Meet the Cork founder of The Happy Tummy Co, the bakery celebrities are obsessed with
08th Jun 2023
Meet the woman on a mission to transform our gut health through bread. Karen O’Donoghue is the founder of The Happy Tummy Co in Westport, currently one of the most buzzed about bakeries in the country.
The very definition of “tucked away” – we find The Happy Tummy Co’s schoolhouse and HQ through a stone archway, down a hill and behind the church, just off one of Westport’s busy main streets.
Like any bakery, the first thing that greets you is the smell: warm and comforting. But while the scent might be familiar, the scene isn’t – instead of glass counters heaving with crusty and flaky baked goods, there are stainless steel tables and busy bakers working under pastel pink pendant lights. Dark, solid, near identical loaves line the space like dominos. They are The Happy Tummy Co’s signature product: The Happy Tummy Loaf, a fermented wholegrain chia teff loaf. Each one takes 2-3 days to make, contains 16 specifically chosen ingredients, and costs €25.
Soon, they will be packed up and express shipped around Ireland and the UK to a growing number of fans. The Happy Tummy Co’s founder, Karen O’Donoghue, emerges into the large, industrial space – open-plan bakery at one end, mini store at the other, with plenty of room in the middle for events, workshops or, in this case, photo shoots. She too is warm and welcoming, and before long a slice of the bread buzzed about by Goop (they called it “legendary”) and beloved by Goldie Hawn is in front of me. It is tastier and far less dense than I expected for something many have described as “medicinal”, paired beautifully with soft boiled eggs simply finished with a crack of black pepper and sprinkle of sea salt.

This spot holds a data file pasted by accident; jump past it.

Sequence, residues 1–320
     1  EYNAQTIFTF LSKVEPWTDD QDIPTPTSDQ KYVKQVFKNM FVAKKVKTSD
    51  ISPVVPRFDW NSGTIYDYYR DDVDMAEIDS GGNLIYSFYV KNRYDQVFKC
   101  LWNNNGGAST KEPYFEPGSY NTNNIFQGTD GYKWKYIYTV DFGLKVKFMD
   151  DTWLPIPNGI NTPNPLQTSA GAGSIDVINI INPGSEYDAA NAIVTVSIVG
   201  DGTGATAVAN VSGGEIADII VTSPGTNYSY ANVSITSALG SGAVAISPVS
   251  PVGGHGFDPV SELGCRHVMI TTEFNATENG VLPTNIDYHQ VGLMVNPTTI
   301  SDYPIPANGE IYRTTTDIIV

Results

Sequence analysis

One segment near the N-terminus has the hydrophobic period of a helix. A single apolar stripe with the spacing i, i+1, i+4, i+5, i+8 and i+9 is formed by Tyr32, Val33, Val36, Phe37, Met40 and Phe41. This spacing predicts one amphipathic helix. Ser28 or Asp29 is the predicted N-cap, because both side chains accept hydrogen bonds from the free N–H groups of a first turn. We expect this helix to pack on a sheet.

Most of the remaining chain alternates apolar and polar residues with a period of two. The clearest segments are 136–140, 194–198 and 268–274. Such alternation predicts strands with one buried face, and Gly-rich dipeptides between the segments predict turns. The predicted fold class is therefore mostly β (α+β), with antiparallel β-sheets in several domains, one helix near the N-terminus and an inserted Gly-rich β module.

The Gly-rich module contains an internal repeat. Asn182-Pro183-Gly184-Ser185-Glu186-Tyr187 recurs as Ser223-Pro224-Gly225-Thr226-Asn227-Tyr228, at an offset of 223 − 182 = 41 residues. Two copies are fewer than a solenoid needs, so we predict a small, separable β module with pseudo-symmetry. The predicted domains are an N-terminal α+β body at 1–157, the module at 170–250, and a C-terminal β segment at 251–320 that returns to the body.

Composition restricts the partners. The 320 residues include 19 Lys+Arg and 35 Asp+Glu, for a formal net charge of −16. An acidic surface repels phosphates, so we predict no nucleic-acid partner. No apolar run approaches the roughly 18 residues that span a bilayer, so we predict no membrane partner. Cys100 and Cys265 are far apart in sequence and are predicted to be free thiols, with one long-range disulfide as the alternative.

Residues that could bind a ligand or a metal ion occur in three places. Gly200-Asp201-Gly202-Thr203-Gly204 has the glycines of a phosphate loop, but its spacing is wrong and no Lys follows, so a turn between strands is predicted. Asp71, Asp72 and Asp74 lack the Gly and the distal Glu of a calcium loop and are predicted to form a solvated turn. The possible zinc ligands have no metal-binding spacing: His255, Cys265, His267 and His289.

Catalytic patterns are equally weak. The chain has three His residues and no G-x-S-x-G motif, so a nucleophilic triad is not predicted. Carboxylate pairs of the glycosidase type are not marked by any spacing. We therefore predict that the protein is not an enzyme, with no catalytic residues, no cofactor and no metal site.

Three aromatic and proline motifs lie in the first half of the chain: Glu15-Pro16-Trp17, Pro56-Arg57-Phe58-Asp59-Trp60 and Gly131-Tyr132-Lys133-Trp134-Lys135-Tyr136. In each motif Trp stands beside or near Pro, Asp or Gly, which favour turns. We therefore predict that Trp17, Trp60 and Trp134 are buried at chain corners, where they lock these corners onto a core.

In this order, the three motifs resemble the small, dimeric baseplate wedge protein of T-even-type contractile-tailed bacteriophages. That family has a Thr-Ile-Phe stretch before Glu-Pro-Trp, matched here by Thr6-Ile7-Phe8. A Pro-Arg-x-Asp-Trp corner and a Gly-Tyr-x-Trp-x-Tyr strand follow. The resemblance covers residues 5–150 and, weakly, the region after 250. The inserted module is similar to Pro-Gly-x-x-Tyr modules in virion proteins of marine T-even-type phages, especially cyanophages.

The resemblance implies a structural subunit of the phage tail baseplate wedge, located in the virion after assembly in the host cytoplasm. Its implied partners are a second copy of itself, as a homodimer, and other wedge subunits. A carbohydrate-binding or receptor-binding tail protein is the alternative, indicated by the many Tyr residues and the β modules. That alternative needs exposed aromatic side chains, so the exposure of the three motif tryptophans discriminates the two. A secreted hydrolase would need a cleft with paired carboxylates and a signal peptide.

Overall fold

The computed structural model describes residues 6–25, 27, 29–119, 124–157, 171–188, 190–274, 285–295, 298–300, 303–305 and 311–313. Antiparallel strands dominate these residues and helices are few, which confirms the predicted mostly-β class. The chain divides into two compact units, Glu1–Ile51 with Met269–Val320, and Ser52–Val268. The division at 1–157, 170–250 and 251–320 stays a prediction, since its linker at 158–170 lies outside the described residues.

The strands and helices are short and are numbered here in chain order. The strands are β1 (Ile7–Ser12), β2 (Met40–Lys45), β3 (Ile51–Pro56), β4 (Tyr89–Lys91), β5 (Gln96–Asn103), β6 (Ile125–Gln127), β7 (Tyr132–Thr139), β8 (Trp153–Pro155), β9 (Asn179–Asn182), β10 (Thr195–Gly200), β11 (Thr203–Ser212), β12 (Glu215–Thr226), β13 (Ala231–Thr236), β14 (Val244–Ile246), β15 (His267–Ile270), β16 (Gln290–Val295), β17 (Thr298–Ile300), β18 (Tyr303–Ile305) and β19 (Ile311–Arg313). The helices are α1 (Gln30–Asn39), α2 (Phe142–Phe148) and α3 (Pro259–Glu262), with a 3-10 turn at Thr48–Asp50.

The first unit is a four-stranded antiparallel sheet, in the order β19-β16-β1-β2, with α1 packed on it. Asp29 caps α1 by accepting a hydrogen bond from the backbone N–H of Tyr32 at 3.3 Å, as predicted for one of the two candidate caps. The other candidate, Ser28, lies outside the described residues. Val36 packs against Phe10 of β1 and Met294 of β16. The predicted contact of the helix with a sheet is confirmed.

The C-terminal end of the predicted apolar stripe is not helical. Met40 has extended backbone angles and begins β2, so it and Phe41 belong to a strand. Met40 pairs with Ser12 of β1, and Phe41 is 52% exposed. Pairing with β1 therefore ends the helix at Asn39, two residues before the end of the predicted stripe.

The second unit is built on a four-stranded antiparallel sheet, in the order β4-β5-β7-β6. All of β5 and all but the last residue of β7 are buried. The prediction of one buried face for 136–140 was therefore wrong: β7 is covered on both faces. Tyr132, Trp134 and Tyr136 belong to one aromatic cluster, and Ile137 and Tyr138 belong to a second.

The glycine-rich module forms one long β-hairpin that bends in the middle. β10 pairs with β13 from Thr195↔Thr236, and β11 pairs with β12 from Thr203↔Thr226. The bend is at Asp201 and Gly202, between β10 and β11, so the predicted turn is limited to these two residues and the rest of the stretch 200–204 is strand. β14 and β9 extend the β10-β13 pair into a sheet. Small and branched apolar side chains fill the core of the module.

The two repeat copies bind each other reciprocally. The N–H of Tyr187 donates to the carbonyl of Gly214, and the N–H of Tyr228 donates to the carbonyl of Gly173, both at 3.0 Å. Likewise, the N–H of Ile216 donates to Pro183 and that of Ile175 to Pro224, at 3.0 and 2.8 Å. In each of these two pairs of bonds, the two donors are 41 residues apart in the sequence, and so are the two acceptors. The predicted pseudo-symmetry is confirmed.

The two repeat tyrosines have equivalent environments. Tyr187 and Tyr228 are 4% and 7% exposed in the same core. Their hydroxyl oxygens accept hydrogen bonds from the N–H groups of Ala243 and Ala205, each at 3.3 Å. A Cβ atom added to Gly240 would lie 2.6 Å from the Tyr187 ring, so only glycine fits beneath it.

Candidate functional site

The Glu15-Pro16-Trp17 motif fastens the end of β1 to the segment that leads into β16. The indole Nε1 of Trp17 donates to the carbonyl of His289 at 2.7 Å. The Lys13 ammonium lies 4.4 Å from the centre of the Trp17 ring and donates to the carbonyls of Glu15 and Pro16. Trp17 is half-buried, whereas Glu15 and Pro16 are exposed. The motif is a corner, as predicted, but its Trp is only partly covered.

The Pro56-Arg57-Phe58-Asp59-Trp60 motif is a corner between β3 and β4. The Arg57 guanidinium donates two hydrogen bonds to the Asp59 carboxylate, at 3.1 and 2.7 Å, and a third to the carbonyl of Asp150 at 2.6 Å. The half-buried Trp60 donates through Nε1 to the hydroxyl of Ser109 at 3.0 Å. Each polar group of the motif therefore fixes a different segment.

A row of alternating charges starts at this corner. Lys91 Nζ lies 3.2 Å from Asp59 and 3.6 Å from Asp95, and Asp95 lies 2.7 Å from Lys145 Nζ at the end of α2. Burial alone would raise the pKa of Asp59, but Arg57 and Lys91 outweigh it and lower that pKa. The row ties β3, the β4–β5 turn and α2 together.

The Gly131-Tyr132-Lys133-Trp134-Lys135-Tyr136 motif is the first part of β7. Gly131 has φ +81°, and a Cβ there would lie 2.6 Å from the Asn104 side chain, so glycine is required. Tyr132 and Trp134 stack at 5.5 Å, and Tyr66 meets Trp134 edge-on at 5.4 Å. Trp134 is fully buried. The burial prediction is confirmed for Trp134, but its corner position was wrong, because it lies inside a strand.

Recently relocated from London to Westport, Cork-born Karen has followed a varied and interesting path to get to this point. Part business owner, part baker, part scientist, part educator, she developed the initial recipe for the bread during a feverish and industrious 18 months while living in Hackney in 2012 and 2013 – though the seed was planted many years before that. “I was born with genetic IBS,” she explains. “So as a child and going into my teenage years, I always had a bloated stomach. My brother and sister, who were eating and living in the same way as me, had very different body shapes to mine.”